On the dark and deep web, you can see separate forums, marketplaces, and instant messaging groups created for different purposes. For example, if we examine content relating to financial fraud topics, we can see that on forums that host leaked credit information you won’t usually find large databases of PII, which have their own dedicated forums for leaked databases of user credentials. Users, therefore, have a selection of forums to choose from for every need, from a carding forum to a hacking forum.
Here is another type of forum dedicated to a different type of leaked PII – doxxing. Doxxing is a form of cyber cyberbullying, which aims to expose someone’s personal information online. This type of leaked PII will not be found on hacking or leak forums. Surprisingly to some, this information will usually appear on the open web in paste sites and forums, and on the deep web on social media.
Types of illicit content on the open, deep, and dark web
As we discussed earlier, illicit content can be found on all layers of the web. In the following table, you can find each type of common illicit content sorted according to the layer of the web and site type we usually find them on and the sort of content:
|Type of Illicit Content||Layer of the Web|
|Drug trafficking||Deep web (instant messaging)|
Dark web (marketplaces)
|Firearms trafficking||Dark web (marketplaces)|
|Child sexual abuse||Dark web (forums)|
|Terrorist activities||Deep web (social media, instant messaging)|
Open web (open forums, image boards)
|Financial fraud||Open web (pastes)|
Deep web (forums, instant messaging, marketplaces)
Dark web (marketplaces, forums)
|Data leak||Open web (forums, pastes)|
Deep web (forums, instant messaging)
Dark web (forums)
|Cyber threats (such as hacking ransomware, vulnerabilities, etc.)||Open web (forums)|
Deep web (forums, instant messaging)
Dark web (forums, blogs)
|Counterfeit||Open web (marketplaces)|
Deep web (instant messaging)
Dark web (marketplaces)
Can a site be classified as both an open and dark website?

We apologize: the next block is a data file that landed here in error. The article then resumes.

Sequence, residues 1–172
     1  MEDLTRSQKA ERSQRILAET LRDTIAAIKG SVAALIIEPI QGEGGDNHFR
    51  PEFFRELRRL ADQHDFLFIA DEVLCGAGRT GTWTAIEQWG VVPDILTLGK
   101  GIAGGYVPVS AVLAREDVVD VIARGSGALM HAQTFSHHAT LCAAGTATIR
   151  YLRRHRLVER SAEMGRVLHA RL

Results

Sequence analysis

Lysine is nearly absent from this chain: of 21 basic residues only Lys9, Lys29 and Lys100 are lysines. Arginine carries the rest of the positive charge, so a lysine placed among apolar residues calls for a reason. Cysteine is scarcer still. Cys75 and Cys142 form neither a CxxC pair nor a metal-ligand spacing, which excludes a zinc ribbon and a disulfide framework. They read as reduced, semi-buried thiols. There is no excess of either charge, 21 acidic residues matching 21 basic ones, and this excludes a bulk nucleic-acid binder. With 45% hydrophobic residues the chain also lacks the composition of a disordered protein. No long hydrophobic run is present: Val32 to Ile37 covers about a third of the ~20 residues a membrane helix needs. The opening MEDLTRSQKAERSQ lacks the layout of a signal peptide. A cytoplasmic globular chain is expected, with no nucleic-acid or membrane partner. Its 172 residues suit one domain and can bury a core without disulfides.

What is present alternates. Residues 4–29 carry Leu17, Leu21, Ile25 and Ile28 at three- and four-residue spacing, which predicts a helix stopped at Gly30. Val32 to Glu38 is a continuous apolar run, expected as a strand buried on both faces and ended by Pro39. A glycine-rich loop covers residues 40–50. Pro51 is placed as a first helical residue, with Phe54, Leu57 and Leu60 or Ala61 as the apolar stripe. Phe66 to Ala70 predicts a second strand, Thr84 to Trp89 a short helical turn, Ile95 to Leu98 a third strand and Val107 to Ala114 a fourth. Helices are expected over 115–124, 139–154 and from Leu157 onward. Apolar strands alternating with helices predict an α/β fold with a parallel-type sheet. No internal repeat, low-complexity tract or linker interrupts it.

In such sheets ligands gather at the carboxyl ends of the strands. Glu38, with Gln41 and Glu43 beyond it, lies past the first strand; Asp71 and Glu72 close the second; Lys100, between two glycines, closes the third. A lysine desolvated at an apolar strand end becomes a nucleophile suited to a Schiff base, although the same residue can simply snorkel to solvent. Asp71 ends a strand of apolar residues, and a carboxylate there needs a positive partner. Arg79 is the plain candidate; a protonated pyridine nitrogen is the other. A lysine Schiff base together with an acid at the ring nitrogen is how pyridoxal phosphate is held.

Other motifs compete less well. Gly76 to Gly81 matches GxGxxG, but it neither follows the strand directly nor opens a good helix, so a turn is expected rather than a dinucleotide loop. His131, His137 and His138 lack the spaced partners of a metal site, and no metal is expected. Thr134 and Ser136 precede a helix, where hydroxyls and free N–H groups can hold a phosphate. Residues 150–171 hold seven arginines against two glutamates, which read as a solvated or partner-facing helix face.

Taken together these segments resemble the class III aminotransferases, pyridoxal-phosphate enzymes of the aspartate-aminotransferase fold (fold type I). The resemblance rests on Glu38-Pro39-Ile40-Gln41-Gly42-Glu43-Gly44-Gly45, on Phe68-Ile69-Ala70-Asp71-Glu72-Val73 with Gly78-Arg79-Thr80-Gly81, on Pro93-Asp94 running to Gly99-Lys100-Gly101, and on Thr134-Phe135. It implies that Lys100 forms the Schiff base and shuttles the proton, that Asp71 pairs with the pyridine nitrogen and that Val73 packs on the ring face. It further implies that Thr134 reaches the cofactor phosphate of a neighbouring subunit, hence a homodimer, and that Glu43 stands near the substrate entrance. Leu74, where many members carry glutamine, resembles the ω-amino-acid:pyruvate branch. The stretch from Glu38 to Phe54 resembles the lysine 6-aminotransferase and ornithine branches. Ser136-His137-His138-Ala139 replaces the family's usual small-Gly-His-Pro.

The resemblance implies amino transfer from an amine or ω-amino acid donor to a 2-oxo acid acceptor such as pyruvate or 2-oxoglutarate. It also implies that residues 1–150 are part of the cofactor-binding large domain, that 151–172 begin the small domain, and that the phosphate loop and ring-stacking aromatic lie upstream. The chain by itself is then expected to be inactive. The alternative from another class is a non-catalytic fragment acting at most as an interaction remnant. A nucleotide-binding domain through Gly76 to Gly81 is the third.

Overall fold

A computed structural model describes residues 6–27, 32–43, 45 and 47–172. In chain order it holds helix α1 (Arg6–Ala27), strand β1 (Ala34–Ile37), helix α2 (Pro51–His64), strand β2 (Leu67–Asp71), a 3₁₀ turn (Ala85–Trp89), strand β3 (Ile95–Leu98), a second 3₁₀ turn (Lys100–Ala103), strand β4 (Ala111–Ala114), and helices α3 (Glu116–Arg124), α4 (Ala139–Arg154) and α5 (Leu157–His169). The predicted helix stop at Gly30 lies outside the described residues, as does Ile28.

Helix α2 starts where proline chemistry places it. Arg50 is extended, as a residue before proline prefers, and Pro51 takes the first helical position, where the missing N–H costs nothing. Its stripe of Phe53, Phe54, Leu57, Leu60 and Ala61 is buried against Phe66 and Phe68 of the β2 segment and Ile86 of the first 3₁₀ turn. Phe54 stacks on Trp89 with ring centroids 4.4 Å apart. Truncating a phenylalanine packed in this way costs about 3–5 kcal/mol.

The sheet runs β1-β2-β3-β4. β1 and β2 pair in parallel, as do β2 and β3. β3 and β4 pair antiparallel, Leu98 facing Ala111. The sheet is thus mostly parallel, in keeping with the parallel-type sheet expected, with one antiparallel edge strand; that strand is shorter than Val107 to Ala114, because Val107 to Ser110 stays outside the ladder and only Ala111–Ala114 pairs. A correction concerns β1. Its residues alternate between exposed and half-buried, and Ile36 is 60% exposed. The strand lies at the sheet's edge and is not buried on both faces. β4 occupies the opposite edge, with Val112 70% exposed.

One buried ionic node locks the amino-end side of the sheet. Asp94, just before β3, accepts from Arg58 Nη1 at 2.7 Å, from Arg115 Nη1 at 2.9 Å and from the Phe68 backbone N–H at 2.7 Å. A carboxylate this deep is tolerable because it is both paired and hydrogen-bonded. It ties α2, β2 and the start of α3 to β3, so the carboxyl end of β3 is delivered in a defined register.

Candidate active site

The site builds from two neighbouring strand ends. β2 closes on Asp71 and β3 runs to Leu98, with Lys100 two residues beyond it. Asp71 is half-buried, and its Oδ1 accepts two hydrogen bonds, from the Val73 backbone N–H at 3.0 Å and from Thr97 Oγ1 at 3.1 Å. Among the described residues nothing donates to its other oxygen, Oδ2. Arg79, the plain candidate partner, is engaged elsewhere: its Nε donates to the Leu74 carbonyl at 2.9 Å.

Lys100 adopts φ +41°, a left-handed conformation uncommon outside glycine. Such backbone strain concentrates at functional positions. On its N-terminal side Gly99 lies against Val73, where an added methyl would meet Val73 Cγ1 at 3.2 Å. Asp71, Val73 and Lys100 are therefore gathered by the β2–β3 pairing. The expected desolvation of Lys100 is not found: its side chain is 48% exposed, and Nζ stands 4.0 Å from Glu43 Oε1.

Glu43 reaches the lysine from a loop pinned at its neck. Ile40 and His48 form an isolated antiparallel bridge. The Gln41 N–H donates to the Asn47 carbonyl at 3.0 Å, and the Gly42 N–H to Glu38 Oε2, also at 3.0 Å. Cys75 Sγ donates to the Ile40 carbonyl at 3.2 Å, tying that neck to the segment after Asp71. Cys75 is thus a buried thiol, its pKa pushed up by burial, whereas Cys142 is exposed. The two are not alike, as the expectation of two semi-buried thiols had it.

After discussing in length the layers of the web and the different types of illicit content they host, let’s take a look at an interesting exception – sites that are considered to be both open web and dark web.
This may sound a little contradictory but some sites have two addresses, one on the open web and one on the dark web. We often see this happening with hacking forums, ransomware blogs, and marketplaces that are selling credentials (as opposed to marketplaces that sell drugs and weapons, which will only appear on the dark web).
A good example of such a site is Russian Market, which is a marketplace for stolen credentials.
Russian Market can be found on Google, which means that its landing page is indexed and therefore considered to be part of the open web.
But the rest of the site is considered deep web, as it can only be accessed through registration:
Below is a screenshot of the home page of Russian Market, where 5 different links to the site are listed. Two of them are on the Tor network (an address that is not indexed by Google or even accessed by a “regular” web browser, as opposed to the address that was indexed in the screenshot above). This makes it a dark website.
You may wonder what makes these sites keep both dark and open web versions. There are several reasons to run an indexed and an unindexed site:
The main reason to operate an open website is that it is more accessible and stable – which allows admins to gain a wider audience.
The main advantage of running a dark web site is that these sites are more secure and anonymous – users and are safer using the dark web version as their location cannot be identified.
The deep and dark web is a popular space for the cybercriminal community to engage in various activities. The more illicit activity and content the site contains, the more unstable and restricted it usually is. The deeper the web goes, the more challenging it gets to monitor these types of activities At Webz.io, we crawl millions of sites across these different layers of the web to help organizations and law enforcement agencies to monitor illicit content and cybercrime.